Remembrance, reconciliation and the East Asian memory wars

SOUTH KOREA JAPAN PROTESTS

Author: Tessa Morris-Suzuki, ANU

‘The past’, as William Faulkner once wrote, ‘is not dead, it isn’t even past’. Nowhere is this more true than in today’s East Asia. The recent ‘memory wars’ between the countries of the region — particularly (though not exclusively) between Japan and its neighbours China and Korea — are eloquent testimony to the power of the past to haunt the present and influence the course of domestic and international politics. Read more…

Japan and the art of un-apologising

A regular rally of former so-called comfort women call for an apology from Japan in front of the Japanese Embassy in Seoul, South Korea, 22 January 2014. Japan forcibly took tens of thousands of Asian women, mostly Koreans, to battlefields to provide sexual services for the Japanese army during World War II. (Photo: AAP).

Author: Tessa Morris-Suzuki, ANU

The Japanese government has long had difficulties coming up with effective apologies for the wartime misdeeds of the country’s military. For decades, while many ordinary Japanese grassroots groups worked tirelessly to right the wrongs of the past, the silence from the corridors of power in Tokyo was deafening. Read more…

Free and fair? NHK and the Tokyo election

Katsuto Momii, new president of public broadcaster NHK, at his inaugural news conference at the start of his three-year term in Tokyo on 25 January 2014. Top government spokesman Yoshihide Suga defended Momii for his remarks at this conference that the use of women as military prostitutes was common worldwide during World War II. (Photo: AAP)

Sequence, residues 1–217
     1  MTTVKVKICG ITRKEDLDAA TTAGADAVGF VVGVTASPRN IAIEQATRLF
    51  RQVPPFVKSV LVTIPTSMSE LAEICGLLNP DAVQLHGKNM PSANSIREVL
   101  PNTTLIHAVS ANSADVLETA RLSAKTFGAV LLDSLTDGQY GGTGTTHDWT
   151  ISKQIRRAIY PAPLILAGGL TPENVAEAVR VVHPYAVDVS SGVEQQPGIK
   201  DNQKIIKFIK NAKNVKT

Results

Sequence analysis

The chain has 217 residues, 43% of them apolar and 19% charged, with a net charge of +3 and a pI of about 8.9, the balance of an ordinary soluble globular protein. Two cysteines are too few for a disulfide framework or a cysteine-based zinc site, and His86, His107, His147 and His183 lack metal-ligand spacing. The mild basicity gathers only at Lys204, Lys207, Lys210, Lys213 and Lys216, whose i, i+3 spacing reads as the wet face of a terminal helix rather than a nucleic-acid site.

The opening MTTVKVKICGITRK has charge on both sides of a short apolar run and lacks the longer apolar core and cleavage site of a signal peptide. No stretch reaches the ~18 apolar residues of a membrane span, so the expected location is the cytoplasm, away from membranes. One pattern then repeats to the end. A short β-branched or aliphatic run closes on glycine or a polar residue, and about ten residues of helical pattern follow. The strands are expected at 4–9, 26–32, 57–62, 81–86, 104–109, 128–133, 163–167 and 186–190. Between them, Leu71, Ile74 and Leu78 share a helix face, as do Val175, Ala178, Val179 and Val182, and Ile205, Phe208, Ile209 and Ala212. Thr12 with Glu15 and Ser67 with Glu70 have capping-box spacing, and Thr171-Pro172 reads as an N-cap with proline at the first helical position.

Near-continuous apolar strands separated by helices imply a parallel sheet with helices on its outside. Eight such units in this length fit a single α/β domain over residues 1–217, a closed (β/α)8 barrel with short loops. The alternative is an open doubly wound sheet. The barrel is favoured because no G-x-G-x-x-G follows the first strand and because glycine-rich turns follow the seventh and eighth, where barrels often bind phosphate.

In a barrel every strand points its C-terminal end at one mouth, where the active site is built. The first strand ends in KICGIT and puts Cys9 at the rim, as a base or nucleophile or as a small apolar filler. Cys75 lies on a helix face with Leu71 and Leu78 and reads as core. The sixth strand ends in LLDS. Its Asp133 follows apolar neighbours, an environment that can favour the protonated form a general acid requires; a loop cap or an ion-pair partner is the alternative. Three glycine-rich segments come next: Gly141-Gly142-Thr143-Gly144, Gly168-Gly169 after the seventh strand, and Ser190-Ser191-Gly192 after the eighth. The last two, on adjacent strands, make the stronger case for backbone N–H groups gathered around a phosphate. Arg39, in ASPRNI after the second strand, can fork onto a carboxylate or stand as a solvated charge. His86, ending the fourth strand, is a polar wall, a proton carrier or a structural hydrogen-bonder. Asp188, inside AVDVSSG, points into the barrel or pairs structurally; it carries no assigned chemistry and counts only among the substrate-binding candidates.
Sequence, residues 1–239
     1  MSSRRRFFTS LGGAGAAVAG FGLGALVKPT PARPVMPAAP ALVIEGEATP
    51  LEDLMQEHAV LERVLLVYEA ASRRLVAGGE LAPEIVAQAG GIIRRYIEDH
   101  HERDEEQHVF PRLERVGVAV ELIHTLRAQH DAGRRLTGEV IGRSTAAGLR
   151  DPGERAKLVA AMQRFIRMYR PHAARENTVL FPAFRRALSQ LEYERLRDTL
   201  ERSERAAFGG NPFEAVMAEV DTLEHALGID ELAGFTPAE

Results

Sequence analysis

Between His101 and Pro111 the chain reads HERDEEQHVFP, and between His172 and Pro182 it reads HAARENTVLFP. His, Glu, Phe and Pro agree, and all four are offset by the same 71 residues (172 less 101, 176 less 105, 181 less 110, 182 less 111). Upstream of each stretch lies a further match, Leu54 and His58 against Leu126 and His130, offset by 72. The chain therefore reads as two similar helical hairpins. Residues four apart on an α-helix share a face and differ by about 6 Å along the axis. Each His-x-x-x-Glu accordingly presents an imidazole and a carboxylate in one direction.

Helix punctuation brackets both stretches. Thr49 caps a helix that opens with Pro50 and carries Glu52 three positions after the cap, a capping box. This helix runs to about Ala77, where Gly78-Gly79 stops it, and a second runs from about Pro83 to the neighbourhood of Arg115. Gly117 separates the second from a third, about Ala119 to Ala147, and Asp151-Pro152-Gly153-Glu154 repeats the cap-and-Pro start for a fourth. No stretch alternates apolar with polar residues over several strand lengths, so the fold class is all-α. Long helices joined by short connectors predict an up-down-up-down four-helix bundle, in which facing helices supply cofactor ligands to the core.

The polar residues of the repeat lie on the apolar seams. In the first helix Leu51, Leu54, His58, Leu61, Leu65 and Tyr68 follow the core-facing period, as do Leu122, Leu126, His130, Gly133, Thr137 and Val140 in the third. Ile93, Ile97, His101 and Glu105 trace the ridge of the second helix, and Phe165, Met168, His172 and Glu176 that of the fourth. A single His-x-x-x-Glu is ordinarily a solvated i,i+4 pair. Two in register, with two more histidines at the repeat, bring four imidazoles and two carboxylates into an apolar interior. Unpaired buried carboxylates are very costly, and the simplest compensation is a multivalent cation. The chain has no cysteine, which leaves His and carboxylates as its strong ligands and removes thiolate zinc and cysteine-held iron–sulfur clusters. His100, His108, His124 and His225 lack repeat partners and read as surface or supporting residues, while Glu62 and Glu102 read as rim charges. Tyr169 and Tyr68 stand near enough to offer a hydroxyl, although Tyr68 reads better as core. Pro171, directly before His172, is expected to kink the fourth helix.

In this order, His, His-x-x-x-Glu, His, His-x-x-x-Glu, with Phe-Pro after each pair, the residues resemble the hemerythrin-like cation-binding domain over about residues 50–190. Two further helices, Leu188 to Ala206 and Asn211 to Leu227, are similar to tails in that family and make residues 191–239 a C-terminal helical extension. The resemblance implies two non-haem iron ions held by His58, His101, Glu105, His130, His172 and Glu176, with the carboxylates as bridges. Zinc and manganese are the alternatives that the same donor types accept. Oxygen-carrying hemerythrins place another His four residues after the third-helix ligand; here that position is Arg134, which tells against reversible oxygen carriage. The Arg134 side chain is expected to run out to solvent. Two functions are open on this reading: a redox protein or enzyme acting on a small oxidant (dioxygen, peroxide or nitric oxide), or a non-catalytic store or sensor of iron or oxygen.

Author: Tessa Morris-Suzuki, ANU

In an age of media transformation, when commercial broadcasters and newspapers are battling for advertising revenue, the impartiality of public broadcasting is more vital than ever to democratic debate. The appointment of a new leadership to Japan’s national broadcaster, NHK, and its coverage of the upcoming Tokyo election vividly illustrate the possible risks of political intervention in public broadcasting. Read more…

What was Abe thinking, going to Yasukuni?

Japanese Prime Minister Shinzo Abe speaks to reporters as he visits and offers prayers at the controversial Yasukuni Shrine  in Tokyo on December 26, 2013. The inflammatory visit angered China and South Korea which accused Japan of whitewashing a history. (Photo: AAP).

Author: Tessa Morris-Suzuki, ANU

When a new Liberal Democratic Party (LDP) government headed by Shinzo Abe came to power a year ago, international reactions were deeply divided. Some commentators expressed alarm at the new prime minister’s nationalist rhetoric, and warned of heightened tensions in East Asia. Others, pointing to the experience of Abe’s earlier brief period in power in 2006–07, suggested that, despite the rhetoric, Abe was a pragmatist Read more…

Testing times for North Korea

South Korean protesters stage a rally demanding a peaceful resolution to the North Korean nuclear crisis near the US Embassy in Seoul, South Korea, on Tuesday 19 February 2013. (Photo: AAP)

Author: Tessa Morris-Suzuki, ANU

North Korea’s latest nuclear test has, both literally and figuratively, sent seismic shockwaves around Northeast Asia.

The negative repercussions of the test will be most directly felt by the long-suffering people of North Korea itself, who desperately need the better living conditions that can only be achieved through increased international cooperation. Read more…

North Korea: small signs of spring?

This undated picture, released by Korean Central News Agency on 15 October 2012 shows North Korean leader Kim Jong-un reacting to the audience in the meeting for celebrating the 65th anniversary of Mangyongdae Revolutionary School and Kang Pan-sok Revolutionary School in Pyongyang. (Photo: AAP)

Author: Tessa Morris-Suzuki, ANU

Ever since its formation in the 1950s, the General Association of Korean Residents in Japan, which represents pro-DPRK members of Japan’s ethnic Korean minority, has sent lavish gifts to North Korea to mark national celebrations.

Read more…